Michigan, Vermont, and California affirm abortion rights, as Kentucky voters shoot down anti-abortion amendment

WASHINGTON — In a stunning display of broad support for at least some abortion rights, voters in a handful of key states voted to defend abortion rights in the first major test of public sentiment after the Dobbs decision.

Voters in Kentucky shot down a proposal that would have explicitly denied abortion as a right in its constitution, though the procedure still remains all but banned in the state. In a closely watched fight in Michigan, voters passed a measure that would protect abortion access in the state constitution. Voters in California and Vermont also voted to codify abortion as a constitutional right, while in Montana, voters weighed in on a measure requiring care for fetus born alive after an abortion attempt. That measure was largely expected to pass but remains in close contention with 80% of votes counted.

The Michigan measure was the first such vote since the Dobbs decision in a swing state with sizable populations of both Democrats and Republicans. Democratic Gov. Gretchen Whitmer was locked in a tight race with GOP opponent Tudor Dixon, who is anti-abortion and has skirted the issue on the campaign trail, but Whitmer was elected to a second term.


“In the Midwest, a lot of states have already banned abortion. So Michigan is an incredibly critical access point for people across the region,” said Ianthe Metzger, director of state advocacy communications at Planned Parenthood Federation of America.


Planned Parenthood and partners EMILY’s List and NARAL Pro-Choice America poured unprecedented funds into supporting abortion rights ballot measures and pro-abortion political candidates, as well as battling anti-abortion proposals such as Kentucky’s ballot measure.

“We definitely did all we could,” said Planned Parenthood’s Metzger, who said the group put $50 million into their drive. “It was our biggest mobilization ever.”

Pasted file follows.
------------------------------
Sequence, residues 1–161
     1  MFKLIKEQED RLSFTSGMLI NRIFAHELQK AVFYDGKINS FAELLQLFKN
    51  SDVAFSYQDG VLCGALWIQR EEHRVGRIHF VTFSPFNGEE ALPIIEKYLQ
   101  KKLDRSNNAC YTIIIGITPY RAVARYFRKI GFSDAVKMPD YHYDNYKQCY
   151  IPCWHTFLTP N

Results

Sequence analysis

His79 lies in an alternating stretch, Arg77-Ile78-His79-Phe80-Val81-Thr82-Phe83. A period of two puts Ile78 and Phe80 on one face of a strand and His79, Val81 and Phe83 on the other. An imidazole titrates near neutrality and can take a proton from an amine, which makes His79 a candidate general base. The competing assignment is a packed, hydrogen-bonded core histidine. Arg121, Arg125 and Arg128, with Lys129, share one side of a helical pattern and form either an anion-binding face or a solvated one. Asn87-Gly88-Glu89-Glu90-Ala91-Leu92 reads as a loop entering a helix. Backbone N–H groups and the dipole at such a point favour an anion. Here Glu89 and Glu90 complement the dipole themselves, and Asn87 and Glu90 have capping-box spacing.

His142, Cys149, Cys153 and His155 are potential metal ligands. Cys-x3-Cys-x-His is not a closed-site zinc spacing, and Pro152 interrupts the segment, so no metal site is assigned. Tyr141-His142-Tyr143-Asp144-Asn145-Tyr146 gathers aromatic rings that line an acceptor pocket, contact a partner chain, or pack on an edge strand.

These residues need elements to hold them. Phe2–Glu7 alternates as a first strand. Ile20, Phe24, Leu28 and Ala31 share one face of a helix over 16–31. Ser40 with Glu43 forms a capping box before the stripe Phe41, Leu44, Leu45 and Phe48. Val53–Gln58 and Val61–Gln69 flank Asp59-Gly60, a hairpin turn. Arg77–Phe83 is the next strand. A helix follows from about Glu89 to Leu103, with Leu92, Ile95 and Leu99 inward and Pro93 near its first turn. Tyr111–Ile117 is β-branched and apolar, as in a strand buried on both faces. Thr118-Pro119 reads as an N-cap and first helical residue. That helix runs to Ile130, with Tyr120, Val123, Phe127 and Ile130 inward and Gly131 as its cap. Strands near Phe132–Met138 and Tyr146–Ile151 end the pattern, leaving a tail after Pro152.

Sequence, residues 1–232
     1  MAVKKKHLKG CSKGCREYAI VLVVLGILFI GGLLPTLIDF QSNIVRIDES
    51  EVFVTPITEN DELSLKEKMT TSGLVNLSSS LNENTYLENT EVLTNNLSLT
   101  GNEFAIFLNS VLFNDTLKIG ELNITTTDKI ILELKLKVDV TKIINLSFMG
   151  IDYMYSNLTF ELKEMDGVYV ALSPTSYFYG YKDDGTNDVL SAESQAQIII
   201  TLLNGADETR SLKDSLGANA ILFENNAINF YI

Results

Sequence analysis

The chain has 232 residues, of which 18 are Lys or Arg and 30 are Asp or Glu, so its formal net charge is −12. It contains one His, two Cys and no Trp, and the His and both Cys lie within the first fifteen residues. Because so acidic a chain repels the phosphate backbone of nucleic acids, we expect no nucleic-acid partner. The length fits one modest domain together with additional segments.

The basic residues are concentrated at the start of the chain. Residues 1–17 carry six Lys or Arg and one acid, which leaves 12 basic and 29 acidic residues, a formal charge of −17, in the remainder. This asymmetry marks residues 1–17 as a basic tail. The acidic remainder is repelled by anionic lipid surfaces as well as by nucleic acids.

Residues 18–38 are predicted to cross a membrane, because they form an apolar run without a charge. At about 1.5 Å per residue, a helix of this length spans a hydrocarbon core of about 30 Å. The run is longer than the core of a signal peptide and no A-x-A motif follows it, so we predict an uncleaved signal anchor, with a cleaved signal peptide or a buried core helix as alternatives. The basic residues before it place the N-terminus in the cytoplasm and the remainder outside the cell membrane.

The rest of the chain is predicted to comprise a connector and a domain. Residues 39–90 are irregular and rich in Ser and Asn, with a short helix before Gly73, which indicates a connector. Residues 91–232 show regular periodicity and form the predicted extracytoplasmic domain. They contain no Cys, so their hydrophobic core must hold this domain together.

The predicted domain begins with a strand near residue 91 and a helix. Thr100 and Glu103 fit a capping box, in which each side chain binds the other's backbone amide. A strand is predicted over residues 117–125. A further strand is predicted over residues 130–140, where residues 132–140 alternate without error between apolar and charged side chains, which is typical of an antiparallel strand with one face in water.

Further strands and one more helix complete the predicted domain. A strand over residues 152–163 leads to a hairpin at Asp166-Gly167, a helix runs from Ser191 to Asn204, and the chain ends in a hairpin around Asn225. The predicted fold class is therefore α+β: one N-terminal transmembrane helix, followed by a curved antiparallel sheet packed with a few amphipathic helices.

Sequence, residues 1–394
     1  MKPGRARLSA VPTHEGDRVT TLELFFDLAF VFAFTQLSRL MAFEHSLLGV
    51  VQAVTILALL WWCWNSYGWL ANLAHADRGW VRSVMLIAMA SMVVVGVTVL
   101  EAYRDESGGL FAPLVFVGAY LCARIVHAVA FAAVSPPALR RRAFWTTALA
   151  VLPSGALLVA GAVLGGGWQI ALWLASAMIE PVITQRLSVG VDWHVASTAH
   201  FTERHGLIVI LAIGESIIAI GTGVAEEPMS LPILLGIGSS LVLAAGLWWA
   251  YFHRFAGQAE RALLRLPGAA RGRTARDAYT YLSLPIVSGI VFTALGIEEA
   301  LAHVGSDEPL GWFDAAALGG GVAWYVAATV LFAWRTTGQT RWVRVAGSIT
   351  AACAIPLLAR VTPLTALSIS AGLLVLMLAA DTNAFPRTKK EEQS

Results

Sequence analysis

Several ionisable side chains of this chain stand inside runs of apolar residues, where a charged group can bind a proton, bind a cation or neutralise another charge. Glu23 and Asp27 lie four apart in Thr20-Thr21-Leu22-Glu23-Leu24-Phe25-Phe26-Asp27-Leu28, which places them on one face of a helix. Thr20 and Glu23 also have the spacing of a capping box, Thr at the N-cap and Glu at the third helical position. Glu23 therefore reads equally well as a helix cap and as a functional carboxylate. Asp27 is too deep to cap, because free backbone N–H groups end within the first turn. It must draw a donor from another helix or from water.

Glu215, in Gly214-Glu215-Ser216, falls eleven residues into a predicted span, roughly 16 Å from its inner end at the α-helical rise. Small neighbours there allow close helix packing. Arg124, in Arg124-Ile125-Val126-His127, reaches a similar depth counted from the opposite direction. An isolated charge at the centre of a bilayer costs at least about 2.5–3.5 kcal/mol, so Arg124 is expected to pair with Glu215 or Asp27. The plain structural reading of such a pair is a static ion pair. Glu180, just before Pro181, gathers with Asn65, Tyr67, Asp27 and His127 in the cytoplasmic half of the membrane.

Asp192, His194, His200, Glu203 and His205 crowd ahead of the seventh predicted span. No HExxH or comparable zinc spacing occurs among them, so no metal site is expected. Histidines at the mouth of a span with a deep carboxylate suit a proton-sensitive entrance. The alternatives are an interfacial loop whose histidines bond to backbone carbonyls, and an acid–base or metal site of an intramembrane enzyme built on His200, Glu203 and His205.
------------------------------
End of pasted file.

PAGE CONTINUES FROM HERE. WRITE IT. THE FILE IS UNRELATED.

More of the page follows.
The advocacy groups’ campaigning is on top of record Democratic spending on abortion-related advertising including $94 million in gubernatorial races alone, according to Ad Impact data shared with The Washington Post. 

Stephen Billy, vice president of state affairs for anti-abortion group Susan B. Anthony Pro-Life America, insisted that the Michigan vote is not a bellwether for Americans’ sentiments on abortion policy.

“I don’t think it tells us anything about the national abortion environment,” said Billy. “I think what it tells us is that the abortion industry can use tens of millions of dollars.”

SBA List has backed a number of conservative gubernatorial and congressional candidates that have run on banning or severely restricting abortion access, among them Michigan gubernatorial candidate Dixon, Nevada gubernatorial candidate Joe Lombardo — whose stance on abortion has shifted — and Tim Michels, who is running against Wisconsin incumbent Gov. Tony Evers. 

“Many Republicans running for governor and for Senate, we’ve seen over the past few months trying to scrub their records and to rewrite their records on this issue,” said Metzger. “That alone is an indication that they know that abortion rights are popular.” 

Candidates that have softened their rhetoric include Arizona Republican Blake Masters, who has backtracked from calling abortion “demonic” and supporting fetal personhood to saying he supports bans on late-term abortions, but not all procedures. In Nevada, the Republican running for U.S. Senate, Adam Laxalt, has been a vocal anti-abortion advocate but also recently insisted that he would vote with Democrats against a federal abortion ban

Vermont voters were largely expected to approve their measure after it passed both chambers of the state legislature with a two-thirds majority in both the 2019-2020 and 2021-2021 legislative sessions, giving it the necessary votes to secure a spot on the ballot.

“Enshrining this right in the Constitution is critical to ensuring equal protection and treatment under the law and upholding the right of all people to health, dignity, independence, and freedom,” stated the proposal written by state Sens. Tim Ashe, Becca Balint, Virginia Lyons and Richard Sears, all Democrats. The governor will sign a document adding the abortion measure and another outlawing slavery to the constitution on Dec. 13.

California’s measure was also projected to pass because of high polling in favor of reproductive rights, though it remains unclear from the ballot language if it would protect abortion past the point of a fetal viability, which typically happens around 24 weeks. 

Kentucky’s ballot measure, Amendment 2, would bar the use of public funds for abortion procedures and banned state courts from considering its constitutionality, but it’s trending to be rejected by voters in the largely red state.

This story has been updated with election results in California, Michigan, and Kentucky. 

Source: STAT